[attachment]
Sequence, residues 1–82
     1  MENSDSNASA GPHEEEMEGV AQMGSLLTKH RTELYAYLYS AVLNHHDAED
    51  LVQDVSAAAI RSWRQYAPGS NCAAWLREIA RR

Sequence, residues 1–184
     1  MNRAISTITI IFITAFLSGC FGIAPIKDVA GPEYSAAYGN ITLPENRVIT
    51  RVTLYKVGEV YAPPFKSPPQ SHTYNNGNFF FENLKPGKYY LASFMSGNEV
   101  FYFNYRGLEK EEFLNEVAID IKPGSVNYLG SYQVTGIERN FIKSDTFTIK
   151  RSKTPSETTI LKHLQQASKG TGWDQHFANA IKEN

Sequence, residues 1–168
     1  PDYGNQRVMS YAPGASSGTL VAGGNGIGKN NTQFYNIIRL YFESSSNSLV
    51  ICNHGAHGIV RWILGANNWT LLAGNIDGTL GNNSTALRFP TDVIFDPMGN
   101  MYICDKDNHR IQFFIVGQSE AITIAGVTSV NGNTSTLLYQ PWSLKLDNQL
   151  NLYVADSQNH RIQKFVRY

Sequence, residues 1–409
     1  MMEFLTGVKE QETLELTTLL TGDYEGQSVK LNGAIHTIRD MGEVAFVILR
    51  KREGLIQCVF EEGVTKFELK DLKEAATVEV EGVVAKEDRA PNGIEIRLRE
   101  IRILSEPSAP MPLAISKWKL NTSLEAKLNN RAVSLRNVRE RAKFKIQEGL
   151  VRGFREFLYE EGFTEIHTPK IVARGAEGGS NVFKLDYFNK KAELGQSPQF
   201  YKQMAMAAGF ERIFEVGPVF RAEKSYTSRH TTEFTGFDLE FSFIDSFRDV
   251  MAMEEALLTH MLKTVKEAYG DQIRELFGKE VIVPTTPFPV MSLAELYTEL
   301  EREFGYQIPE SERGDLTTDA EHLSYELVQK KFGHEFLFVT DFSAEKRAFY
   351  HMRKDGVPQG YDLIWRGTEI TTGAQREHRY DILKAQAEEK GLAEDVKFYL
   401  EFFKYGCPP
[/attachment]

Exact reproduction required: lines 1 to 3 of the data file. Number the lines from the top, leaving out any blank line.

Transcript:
Sequence, residues 1–82
     1  MENSDSNASA GPHEEEMEGV AQMGSLLTKH RTELYAYLYS AVLNHHDAED
    51  LVQDVSAAAI RSWRQYAPGS NCAAWLREIA RR